The above preview is unformatted text

This student written piece of work is one of many that can be found in our AS and A Level Organic Chemistry section.

Found what you're looking for?

  • Start learning 29% faster today
  • 150,000+ documents available
  • Just £6.99 a month

Not the one? Search for your essay title...
  • Join over 1.2 million students every month
  • Accelerate your learning by 29%
  • Unlimited access from just £6.99 per month

See related essaysSee related essays

Related AS and A Level Organic Chemistry essays

  1. Marked by a teacher

    Experiment to Determine Acidities of Wine. The purpose of this experiment is to ...

    5 star(s)

    Volatile Acidity Australian Volume of NaOH added (cm3 ) pH 0 3.2 2 3.4 4 3.6 6 3.8 8 4.1 10 4.4 12 4.6 14 5.1 15 5.3 16 5.7 17 6.3 18 7 18.5 7.2 19 7.6 19.5 8 19.6 8.1 19.7 8.2 19.8 8.3 19.9 8.4 20 8.5

  2. F336- aspirin individual Investigation

    The answer... Phenol. A German chemist Hermann Kolbe heated sodium phenoxide under pressure with CO2 and the reaction mixture was then acidified to yield salicylic acid. This is known as Kolbe synthesis So now chemist could make aspirin without the need of the willow tree and make it in much larger quantities.

  1. The aim of this experiment is to produce Aspirin. This is an estrification in ...

    Safety precautions (9) Operation Hazard Risks Control measures 95% ethanol and phenolphthalein indicator solution (contains ethanol) Ethanol Highly flammable Breathing the vapour has a narcotic effect. Risk of fire. Wear eye protection. Wear protective gloves. Avoid skin contact 0.1M sodium hydroxide solution solid Corrosive Solid causes severe burns and is particularly dangerous to eyes.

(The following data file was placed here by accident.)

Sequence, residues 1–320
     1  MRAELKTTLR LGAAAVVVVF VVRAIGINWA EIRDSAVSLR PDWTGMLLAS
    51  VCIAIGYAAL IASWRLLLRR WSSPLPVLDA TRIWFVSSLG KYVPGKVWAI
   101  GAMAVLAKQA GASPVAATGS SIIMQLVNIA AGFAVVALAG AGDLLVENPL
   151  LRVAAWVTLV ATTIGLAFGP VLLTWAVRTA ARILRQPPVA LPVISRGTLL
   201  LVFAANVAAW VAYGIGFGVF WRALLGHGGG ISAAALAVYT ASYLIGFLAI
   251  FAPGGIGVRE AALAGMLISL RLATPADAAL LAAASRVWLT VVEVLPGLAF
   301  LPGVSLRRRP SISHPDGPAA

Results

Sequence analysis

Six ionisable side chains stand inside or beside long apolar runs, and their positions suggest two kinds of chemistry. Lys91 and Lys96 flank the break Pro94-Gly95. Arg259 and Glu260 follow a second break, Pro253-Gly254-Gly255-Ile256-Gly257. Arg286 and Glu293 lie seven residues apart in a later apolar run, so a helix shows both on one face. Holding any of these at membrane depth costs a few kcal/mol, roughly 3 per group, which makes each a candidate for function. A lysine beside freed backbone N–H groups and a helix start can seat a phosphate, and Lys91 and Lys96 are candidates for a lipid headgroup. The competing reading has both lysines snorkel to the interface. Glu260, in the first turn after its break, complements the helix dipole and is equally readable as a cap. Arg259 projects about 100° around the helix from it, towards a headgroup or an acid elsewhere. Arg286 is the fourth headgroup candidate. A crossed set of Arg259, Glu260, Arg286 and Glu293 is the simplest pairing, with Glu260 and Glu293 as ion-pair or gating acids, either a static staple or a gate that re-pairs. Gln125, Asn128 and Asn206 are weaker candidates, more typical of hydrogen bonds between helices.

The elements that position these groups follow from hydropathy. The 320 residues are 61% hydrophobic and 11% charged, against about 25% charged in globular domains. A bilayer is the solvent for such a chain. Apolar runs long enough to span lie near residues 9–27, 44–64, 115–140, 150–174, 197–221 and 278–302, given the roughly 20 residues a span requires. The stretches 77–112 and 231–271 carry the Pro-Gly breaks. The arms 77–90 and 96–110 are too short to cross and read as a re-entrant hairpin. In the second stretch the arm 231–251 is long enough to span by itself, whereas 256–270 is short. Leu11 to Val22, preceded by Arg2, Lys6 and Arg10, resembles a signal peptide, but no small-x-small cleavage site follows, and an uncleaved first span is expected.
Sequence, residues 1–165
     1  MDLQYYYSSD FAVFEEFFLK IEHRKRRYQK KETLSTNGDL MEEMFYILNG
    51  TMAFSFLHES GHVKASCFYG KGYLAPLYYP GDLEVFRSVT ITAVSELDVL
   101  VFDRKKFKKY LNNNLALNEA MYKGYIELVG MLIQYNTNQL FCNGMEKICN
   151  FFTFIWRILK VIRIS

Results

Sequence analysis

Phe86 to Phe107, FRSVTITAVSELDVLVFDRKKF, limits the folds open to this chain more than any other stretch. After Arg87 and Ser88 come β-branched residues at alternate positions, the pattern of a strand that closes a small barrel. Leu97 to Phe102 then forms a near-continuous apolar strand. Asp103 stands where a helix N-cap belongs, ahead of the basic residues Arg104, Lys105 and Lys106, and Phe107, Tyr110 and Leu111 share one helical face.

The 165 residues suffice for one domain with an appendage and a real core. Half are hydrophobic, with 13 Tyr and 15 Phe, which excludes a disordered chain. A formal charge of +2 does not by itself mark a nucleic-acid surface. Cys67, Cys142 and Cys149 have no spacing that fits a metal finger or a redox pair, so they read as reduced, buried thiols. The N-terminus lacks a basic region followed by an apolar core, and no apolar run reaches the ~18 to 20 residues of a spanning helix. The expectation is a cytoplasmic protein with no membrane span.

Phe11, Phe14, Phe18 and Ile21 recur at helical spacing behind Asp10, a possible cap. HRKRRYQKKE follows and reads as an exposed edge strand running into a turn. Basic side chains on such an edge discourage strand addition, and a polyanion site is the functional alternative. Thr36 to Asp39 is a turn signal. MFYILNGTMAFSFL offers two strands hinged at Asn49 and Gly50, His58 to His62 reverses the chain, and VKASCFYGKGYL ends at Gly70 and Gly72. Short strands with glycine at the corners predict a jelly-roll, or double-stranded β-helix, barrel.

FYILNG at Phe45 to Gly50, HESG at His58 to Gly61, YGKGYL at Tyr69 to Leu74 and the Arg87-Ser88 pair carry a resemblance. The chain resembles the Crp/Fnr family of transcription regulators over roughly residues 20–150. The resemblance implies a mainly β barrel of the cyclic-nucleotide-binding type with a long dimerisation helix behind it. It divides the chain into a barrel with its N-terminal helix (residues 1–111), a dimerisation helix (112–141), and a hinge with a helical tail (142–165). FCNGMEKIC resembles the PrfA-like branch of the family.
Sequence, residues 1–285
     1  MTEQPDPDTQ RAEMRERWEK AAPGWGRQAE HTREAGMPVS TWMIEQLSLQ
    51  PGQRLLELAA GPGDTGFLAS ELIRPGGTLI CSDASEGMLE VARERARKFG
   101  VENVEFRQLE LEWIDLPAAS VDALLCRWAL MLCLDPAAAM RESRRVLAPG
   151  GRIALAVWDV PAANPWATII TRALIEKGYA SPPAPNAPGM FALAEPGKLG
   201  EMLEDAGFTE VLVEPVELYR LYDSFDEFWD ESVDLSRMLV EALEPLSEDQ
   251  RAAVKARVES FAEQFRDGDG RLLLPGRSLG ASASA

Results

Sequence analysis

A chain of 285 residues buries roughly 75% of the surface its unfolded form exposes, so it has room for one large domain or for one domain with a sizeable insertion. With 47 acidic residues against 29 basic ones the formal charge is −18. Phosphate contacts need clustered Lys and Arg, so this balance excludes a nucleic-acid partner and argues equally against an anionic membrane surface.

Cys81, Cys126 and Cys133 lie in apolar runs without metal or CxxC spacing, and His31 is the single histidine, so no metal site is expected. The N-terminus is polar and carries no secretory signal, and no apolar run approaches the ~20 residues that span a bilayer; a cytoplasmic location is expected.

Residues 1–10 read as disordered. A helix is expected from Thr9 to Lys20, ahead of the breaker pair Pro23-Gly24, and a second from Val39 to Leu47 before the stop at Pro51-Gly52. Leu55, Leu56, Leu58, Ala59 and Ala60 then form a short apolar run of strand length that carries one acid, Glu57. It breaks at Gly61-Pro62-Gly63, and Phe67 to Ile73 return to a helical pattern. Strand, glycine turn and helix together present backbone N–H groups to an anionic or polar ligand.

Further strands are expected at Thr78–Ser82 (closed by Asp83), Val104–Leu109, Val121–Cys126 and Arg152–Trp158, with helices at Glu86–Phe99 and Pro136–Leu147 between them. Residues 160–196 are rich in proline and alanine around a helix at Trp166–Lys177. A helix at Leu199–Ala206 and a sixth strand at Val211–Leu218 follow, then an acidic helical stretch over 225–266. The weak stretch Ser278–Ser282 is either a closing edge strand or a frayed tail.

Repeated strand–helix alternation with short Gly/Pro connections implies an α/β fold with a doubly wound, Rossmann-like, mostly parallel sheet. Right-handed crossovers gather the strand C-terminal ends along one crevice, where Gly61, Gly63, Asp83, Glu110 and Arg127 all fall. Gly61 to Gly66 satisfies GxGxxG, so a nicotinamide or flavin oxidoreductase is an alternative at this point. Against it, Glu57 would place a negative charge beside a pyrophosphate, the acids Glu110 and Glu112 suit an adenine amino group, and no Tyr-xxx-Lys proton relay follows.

2. The aim of this experiment is to obtain the rate equation for the reaction ...

    Comparing experiments a and g, when the [H+] was tripled, the rate of reaction was also around tripled. The rate of reaction was directly proportional to the concentration of H+(aq). Therefore, we can conclude that the reaction was in first order with respect to H+.

  1. investigating the amount of ascorbic acid present in fruit

    Doing this will enable me to get my average titre. Orange: 36.30 + 36.30 + 36.40 = 109 = 36.33cm3 3 3 My three best titres (for the orange sample)

  2. Comprehensive and Detailed Chemistry notes

    concentrations of common ions > total of dissolved solids > hardness > turbidity > acidity > dissolved oxygen and biochemical oxygen demand * construct word and balanced formulae equations of chemical reactions as they are encountered There are three important steps involved: 1- Show all reactants and all products in the word equation.

  1. Chemistry Investigation - How does chain length affect: ∆Hcè for alcohols?

    Ethan-1-ol 1 spirit burner (varying volume) Butan-1-ol 1 spirit burner (varying volume) Heptan-1-ol 1 spirit burner (varying volume) Octan-1-ol 1 spirit burner (varying volume) Water 5 x 100ml METHOD: PROCEDURE: * The aforementioned apparatus should be arranged in a suitable arrangement, as shown in Appendix A.

  2. Compare the enthalpy changes of combustion of different alcohols

    When the apparatus is set up according to the diagram, the testing can begin. The calorimeter consists of a copper can, I will use this instead of a bomb calorimeter which would ensure the alcohol is burned under standardised conditions.

  • Over 160,000 pieces
    of student written work
  • Annotated by
    experienced teachers
  • Ideas and feedback to
    improve your own work